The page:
The BRICS group was established in 2009, initially consisting of four countries: Brazil, Russia, India, and China. South Africa joined the following year. The group's objective is to enhance economic and trade cooperation among its member countries, coordinate stances on global and regional issues, and promote sustainable development. It also aims to reform the global financial system and strengthen its role in the decision-making process.

In 2014, the BRICS summit held in Brazil decided to establish a development bank and adopt a treaty to set up an emergency reserve, while the members supported the idea of creating a unified currency among the states; this marked the beginning of efforts to create a multipolar global system instead of the unipolar system led by the United States.


Will BRICS succeed in changing the global energy landscape and overthrowing the dollar?

In August 2023, the BRICS alliance agreed to expand its membership to 10 countries by early 2024 to include Egypt, Saudi Arabia, the UAE, Ethiopia, and Iran; the alliance also announced the development of a new currency that could eliminate the use of the U.S. dollar in international and oil trade. This step was part of the group's plan to accelerate the pace of replacing the dollar as the oil currency by inviting major oil-producing countries to join them, thus changing the global energy trajectory.


Will the BRICS currency restore gold to its status in the global financial system?

The new currency is expected to be backed by gold, which may boost demand for the precious metal and support its upward trend over the coming years, thereby introducing a new influential factor in the global gold markets; it is likely that gold will serve as a framework for the confrontation between BRICS countries and the U.S. dollar for some time, with increasing momentum to launch and support the new currency.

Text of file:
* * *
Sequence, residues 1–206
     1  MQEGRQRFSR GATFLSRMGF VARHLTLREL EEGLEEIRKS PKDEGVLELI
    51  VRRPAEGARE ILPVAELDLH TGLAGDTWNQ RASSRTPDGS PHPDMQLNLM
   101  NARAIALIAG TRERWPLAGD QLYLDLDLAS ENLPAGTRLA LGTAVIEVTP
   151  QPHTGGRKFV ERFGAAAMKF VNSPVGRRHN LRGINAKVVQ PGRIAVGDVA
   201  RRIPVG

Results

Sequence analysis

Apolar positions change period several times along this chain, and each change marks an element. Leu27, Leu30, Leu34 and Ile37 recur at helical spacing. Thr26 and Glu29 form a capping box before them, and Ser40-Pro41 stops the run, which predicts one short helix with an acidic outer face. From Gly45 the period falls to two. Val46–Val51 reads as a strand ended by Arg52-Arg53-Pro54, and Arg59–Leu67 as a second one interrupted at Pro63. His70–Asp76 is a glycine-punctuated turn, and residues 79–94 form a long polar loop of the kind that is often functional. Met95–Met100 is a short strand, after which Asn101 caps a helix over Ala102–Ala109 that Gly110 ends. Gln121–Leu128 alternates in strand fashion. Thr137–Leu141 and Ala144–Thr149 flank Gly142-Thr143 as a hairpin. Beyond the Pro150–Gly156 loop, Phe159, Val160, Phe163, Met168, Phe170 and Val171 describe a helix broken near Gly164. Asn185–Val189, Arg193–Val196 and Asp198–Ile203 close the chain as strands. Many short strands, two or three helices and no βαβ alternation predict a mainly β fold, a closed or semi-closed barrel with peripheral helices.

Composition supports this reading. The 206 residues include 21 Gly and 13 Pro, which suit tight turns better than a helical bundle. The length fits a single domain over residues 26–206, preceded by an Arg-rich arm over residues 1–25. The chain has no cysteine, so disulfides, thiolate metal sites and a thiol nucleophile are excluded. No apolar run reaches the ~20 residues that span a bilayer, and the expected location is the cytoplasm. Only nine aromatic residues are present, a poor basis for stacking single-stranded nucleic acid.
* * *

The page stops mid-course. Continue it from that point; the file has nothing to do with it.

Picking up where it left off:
Gold as the basis of the financial system

In 1971, U.S. President Richard Nixon (the Nixon Shock) announced the cancellation of the direct international conversion of the dollar to gold, a move that effectively led to the collapse of the post-World War II Bretton Woods international monetary system (established in 1944) – which was based on the gold standard where the U.S. dollar could be converted into gold at a rate of 35 dollars per ounce - and other major currencies were pegged to the dollar at fixed rates. This decision led to the adoption of the current system of floating exchange rates.


Is U.S. sanctions on Moscow a positive incentive to accelerate the replacement of the dollar?

Meanwhile, Russia and China have gradually moved away from the dollar: With the onset of the Russian-Ukrainian war and the imposition of sanctions on Russian monetary assets, the country has been looking for other financial alternatives to stabilize its economy, and it appears that gold is the ideal alternative. China's trade in yuan instead of the dollar has encouraged other countries to use their local currencies (like India) and store gold as a monetary reserve to support their currency prices. With the trend of the BRICS group to expand to enhance its weight in the global economy and the increasing reliance on gold in establishing its financial system, alongside the continued fight against the green currency, the dollar will become threatened, and the precious metal will regain its position as the most secure financial asset.